Having had a better experience than many of my cohorts with this tea, I’ll offer some ideas which might have made the difference. 195F or 200F is too hot for this tea. And it’s so easy to use too much of this tea … consider how dense the dry tea is … probably twice as dense as a non-rolled green leaf. I didn’t weigh it, but I’d guess that a half or 3/4 of a teaspoon of tea would be plenty (2 grams) per each 6oz water. I made a 12oz mug using less than a teaspoon of tea.

Another tip is to pour the water down the side of the steeping vessel, rather directly on the tea … or at least try to pour gently. Pinhead gunpowder is usually made from smaller and more tender leaves than regular gunpowder, and thus is somewhat delicate, like a Japanese green. Also, do not put a lid on while steeping, especially not the first steep … try that with your fussy green teas. It may help.

Green is my least favorite tea type, so I won’t be buying. But when writing these notes, I try to stay objective and be a judge of the tea’s quality, compared to others of it’s type. I’ve had one pinhead gunpowder before this one, and a couple of the regular. The pinheads have been more subtle in both cases than the regular (4-5 mm size).

So, on to this evaluation. Tiny (about 2-3mm) nuggets of shiny, dark green tea — truly a pinhead gunpowder tea. The liquor from them was a clear, radiant gold, and the oft-noted wisp of smokiness was there, too, in the scent and flavor. Thus, gunpowder tends earthier, to me, than a more floral green, like a mao feng. It presented practically nothing in the way of astringency or bitterness to distract me from it’s herbaceous greenness. A bit of artichoke, I think, not particularly sweet or grassy, but nicely juicy. Steeping in a glass mug with glass infuser may have helped preserve it’s pure nature. The second steep at 3 min had more body and wetness than the first, with equal strength. As I finished it, up popped the sun, and voila, it was Thursday!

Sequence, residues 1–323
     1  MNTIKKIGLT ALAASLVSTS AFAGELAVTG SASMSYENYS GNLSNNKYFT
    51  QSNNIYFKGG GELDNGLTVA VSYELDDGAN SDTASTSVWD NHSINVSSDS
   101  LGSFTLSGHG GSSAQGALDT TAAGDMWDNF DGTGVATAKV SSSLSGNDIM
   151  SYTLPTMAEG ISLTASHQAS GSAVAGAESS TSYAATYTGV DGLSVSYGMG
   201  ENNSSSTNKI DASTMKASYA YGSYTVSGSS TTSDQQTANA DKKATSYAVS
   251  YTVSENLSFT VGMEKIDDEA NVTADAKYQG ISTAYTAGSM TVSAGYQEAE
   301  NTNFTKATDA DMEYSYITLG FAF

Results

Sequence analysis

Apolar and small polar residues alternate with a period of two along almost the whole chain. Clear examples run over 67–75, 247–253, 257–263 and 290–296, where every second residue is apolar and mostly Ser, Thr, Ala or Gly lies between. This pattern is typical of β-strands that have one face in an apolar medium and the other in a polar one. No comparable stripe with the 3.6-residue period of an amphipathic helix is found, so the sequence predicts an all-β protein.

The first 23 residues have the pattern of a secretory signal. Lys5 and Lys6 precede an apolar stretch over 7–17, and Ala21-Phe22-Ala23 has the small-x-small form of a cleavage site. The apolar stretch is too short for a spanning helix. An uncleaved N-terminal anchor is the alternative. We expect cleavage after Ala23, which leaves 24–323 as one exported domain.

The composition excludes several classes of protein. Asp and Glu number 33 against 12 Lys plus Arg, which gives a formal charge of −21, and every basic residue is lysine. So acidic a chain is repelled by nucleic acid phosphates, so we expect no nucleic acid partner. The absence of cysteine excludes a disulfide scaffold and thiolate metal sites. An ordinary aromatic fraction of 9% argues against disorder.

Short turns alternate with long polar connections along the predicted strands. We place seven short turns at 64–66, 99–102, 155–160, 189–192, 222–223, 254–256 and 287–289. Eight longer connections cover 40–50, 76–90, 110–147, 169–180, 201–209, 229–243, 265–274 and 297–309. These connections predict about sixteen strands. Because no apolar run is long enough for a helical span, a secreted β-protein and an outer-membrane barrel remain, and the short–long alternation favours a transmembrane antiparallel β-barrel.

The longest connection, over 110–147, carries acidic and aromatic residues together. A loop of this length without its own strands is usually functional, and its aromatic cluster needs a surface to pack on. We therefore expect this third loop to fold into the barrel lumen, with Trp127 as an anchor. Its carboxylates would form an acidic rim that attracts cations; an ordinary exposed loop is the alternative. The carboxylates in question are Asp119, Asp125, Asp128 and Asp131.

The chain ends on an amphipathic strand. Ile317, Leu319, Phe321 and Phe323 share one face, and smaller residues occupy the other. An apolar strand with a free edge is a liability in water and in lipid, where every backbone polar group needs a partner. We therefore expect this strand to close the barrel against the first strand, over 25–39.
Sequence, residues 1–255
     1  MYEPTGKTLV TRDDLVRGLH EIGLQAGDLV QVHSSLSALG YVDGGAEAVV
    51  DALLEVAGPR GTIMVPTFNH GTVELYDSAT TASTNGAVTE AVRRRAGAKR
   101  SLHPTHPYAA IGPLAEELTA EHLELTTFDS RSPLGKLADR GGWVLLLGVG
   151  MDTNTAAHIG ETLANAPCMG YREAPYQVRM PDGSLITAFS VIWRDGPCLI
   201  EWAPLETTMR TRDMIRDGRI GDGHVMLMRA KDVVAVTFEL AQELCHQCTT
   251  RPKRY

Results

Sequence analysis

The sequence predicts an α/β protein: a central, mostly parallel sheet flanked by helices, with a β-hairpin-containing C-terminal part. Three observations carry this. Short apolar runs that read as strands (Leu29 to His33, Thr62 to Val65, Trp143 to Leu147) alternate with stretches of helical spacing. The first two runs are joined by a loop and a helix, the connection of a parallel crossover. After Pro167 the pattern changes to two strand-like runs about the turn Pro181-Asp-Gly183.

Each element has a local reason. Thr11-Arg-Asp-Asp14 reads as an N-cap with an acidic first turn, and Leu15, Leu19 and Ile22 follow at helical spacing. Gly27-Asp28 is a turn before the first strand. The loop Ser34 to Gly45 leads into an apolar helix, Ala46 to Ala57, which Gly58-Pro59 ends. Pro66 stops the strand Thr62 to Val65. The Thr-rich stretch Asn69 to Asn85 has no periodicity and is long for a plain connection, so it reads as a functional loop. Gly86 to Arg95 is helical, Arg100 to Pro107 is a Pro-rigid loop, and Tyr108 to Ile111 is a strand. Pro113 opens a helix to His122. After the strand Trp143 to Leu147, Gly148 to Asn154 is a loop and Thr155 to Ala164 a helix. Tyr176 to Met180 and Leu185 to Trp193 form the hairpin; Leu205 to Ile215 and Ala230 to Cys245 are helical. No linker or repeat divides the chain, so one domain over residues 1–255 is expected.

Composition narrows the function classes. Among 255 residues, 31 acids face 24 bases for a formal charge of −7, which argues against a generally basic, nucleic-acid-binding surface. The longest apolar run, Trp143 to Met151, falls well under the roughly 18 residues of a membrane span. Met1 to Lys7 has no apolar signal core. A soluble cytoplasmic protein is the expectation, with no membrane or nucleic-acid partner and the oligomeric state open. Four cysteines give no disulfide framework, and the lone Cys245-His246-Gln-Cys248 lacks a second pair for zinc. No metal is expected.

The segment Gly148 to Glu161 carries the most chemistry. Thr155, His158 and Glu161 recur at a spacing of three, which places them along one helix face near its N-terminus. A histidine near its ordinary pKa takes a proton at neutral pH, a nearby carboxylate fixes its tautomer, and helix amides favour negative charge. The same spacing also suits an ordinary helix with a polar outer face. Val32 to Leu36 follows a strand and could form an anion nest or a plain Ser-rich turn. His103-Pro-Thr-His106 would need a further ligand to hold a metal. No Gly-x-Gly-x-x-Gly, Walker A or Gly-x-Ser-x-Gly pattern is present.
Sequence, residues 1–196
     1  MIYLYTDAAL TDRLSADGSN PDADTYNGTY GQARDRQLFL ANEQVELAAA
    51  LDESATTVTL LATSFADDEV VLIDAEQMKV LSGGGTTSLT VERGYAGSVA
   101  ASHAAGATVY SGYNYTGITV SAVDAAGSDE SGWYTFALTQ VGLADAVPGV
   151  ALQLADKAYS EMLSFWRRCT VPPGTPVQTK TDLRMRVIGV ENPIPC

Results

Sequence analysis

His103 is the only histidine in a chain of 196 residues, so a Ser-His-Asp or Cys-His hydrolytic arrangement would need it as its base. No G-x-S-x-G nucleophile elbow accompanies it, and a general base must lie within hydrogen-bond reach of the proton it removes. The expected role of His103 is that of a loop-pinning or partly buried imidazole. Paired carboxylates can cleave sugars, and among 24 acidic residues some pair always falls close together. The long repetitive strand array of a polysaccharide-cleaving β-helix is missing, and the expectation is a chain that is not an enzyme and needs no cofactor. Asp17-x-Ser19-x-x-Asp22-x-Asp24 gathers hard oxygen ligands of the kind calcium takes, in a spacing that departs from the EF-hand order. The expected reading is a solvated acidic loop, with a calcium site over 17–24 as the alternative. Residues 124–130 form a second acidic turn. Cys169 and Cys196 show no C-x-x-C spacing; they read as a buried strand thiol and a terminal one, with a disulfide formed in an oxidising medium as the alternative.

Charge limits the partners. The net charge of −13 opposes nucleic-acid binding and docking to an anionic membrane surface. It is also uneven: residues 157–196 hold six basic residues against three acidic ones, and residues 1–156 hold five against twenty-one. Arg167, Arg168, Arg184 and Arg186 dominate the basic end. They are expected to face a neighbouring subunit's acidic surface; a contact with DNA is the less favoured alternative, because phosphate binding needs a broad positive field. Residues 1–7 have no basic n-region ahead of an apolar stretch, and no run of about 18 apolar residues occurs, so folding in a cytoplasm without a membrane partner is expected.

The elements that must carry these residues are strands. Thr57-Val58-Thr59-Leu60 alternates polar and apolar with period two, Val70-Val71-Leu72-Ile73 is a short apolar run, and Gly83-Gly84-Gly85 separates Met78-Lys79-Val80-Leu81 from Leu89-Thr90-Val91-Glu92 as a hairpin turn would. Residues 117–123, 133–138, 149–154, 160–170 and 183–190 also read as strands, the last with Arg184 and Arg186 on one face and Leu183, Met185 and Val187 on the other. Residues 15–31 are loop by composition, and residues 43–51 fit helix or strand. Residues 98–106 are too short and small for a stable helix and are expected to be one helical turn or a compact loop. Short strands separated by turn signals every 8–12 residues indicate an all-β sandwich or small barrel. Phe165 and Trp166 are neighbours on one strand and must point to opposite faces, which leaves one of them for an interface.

EDIT: Okay, I went and weighed the tea. A rounded teaspoon is 3.5gm, which is about 50% more tea than needed for 6oz. So it’s not twice as dense … only one and a half times. If a person were to use 2 tsp for a 12oz mug, they would have used enough tea for a 21oz pot.

180 °F / 82 °C 2 min, 30 sec

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Note: I’m open to offers to swap tea samples. If you can’t message me, just comment on one of my tea notes, and I’ll respond.

I am fascinated and deeply impressed by the artistry and skill which coaxes such an array of qualities from one species of leaf. In 2009, I founded San Antonio Tea & Herb Enthusiasts. In 2014, a move to Southern California creates both upheaval and new horizons. The best part is that now I live quite close to my son and his family.

For intimate tastings with a small gathering, I’m practicing Asian-style tea service along the lines of Chinese gongfu cha. It is a joy to share good tea!

The most recent sign of my conversion to the deeply-steeped side: I’ve turned three large file boxes into “tea humidors” for aging pu-erh cakes and bricks at 65% humidity. Remote sensors within the “pumidors” relay the temperature and humidity readings to a base station on my desk. It satisfies my scientist aspect and keeps tea pretty well, too.


Southern California, USA



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